The fear of missing out (FOMO) is very real to some people. Obsessively checking their social media and news sources, they may believe that not knowing of something as soon as it is published can be catastrophic to their social standing.

4. Bad Habits Make Us Feel Good

One of the reasons it is difficult to break habits is that a lot of them make us feel good.[1]

We’ve all been there – the craving for a tub of ice cream after a breakup or a casual drag on a joint, never to be repeated until we miss how good it made us feel. We succumb to the craving for the pleasure felt while indulging in it, cementing it as a habit even while we are aware it isn’t good for us.

Overeating is a very common bad habit. Just another pack of chips, a couple of candies, a large soda… none of these are necessary for survival. We want them because they give us comfort. They’re familiar, they taste good, and we don’t even notice when we progress from just one extra slice of pizza to four.

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You can read this article to learn more: We Do What We Know Is Bad for Us, Why?

5. Upward Comparisons

Comparisons are a bad habit that many of us have been exposed to since we were children. Parents might have compared us to siblings, teachers may have compared us to classmates, and bosses could compare us to past and present employees.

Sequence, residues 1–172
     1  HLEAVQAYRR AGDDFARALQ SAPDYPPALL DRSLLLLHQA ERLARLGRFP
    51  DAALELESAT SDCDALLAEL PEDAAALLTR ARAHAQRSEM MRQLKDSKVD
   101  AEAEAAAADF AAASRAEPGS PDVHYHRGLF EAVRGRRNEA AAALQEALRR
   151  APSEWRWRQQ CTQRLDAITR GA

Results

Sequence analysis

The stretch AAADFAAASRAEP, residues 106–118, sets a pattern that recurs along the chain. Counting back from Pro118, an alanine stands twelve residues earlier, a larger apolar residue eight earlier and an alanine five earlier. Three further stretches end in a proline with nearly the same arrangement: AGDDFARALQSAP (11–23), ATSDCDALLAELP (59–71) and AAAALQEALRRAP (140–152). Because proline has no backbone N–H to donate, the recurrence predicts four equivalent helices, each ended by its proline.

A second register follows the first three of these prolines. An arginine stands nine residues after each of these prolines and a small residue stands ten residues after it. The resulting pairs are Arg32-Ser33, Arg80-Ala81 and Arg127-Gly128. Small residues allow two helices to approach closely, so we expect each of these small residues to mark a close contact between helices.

The people who have developed the bad habit of comparing themselves to others have been given incorrect yardsticks for measurement from the start.

These people will always find it difficult to break out of this bad habit because there will always be someone who has it better than they do: a better house, better car, better job, higher income and so on.

Research shows that in the age of social media, social comparisons are much easier and can ultimately harm self-esteem if scrolling becomes a bad habit[2].

6. No Alternative

This is a real and valid reason why breaking bad habits is difficult. These habits could fulfill a need that may not be met any other way.

Someone who has physical or psychological limitations, such as a disability or social anxiety, may find it hard to quit obsessive content consumption for better habits.

Alternately, a perfectly healthy person may be unable to quit smoking because alternates are just not working out.

Similarly, a person who bites their nails when anxious may be unable to relieve stress in any other socially accepted manner.

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7. Stress

As mentioned above, anything that stresses us out can lead to adopting and cementing an unhealthy habit.